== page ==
This a continuation of my thirty days of Scala series about learning the programming language Scala. For a list of all posts click here
The first kata I started with for this project based on Conway’s Game of life. This is actually the first code kata I was every exposed to, at my first clean code retreat, so it’s always held a special place in my heart. Plus I loved Conway’s Life as a kid where I would manually run games on graph paper while I was bored during math class. Basically an uber-geeky form of doodling.
If you aren’t already familiar with Conway’s Game of life here’s a good explanation. As a quick summary though, it’s a 2D grid, where each turn cells turn on and off based on the state of their neighbors.
For this coding kata, my real goal was to learn how to setup my development environment, so I actually gave myself much longer than 30 minutes including research on that topic. I started out looking into an IDE like IntelliJ, since that seemed very similar to the visual studio experience I’m familiar with on the .NET side. However, as I did my research and played with IntelliJ, I found it was abstracting me from key aspects of the scala process, particularly SBT.
SBT (Simple Build Tool) is scala’s build management tool, and a very unique beast. It’s basically a dedicated console that allows you to handle compiling, dependency management, and continuous testing from one place. Plus it’s got an extensible plugin model so you can add additional functionality on your own. I’ve seen tools that have similar goals, like grunt in the node.js space, but SBT feels like a more sophisticated, comprehensive implementation. I didn’t want some sort of IDE abstracting me away from such a powerful tool, particularly when the documentation I was reading was highlighting the key role sbt plays in Scala.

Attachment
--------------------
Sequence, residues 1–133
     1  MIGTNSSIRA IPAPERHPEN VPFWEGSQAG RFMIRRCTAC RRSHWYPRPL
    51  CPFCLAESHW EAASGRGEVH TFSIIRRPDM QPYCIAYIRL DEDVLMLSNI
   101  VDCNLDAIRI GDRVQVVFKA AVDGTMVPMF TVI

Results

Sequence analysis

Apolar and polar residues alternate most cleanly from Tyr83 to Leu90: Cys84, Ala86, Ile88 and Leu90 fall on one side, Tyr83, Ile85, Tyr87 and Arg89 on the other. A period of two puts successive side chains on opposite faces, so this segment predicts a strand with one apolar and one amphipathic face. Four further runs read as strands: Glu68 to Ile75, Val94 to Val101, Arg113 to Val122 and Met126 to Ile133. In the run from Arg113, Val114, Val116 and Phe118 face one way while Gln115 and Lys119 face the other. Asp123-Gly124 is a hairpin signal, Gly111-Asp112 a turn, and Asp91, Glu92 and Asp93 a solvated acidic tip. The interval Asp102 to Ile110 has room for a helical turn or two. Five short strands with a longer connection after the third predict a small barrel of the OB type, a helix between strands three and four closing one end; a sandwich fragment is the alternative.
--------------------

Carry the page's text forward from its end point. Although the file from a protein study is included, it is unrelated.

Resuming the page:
So instead I decided to go for one of the more popular minimalistic code editors out there, Sublime. If you aren’t familiar with sublime, it’s a highly extensible editor with a wide range of plugins out there for every imaginable language. It’s not a turnkey solution like some of the bigger IDE’s but it’s pretty easy to install a key set of plugins to create a first class IDE like experience for Scala. Here are the key plugins I found
Sublime ENSIME – A port of a syntax highlighting/code completion add on for EMACS. It’s a little complicated to setup, but it add alot to the experience, making it easier to catch and fix errors, and to discover language features. It’s not 100% as good a Visual Studio’s intellisense, but still manages to fill that niche fairly well.
Sublime SBT – A plugin that allows you to open an SBT console in a pane at the bottom of Sublime. It also offers quick keyboard access to sublime commands, like build, or start continuous testing. Easy to setup and definitely a must have.
With this setup, I found myself being highly productive, and happy with the quick feedback loop I was getting during test debug sessions.
In addition to sublime, I also found a great utility to help jump start each scala project from a series of code templates, giter8. Giter8 is a sublime based console app that can download project template for any programming language from github and user them to quickly create a basic boilerplate for your project. It’s an awesome idea, since github is a natural repository for those sorts of things, and since starting without boilerplate it always a little tricky, especially if you’re just starting with the language.
In the next section I’ll talk more about the actual coding experiences I had while working this kata.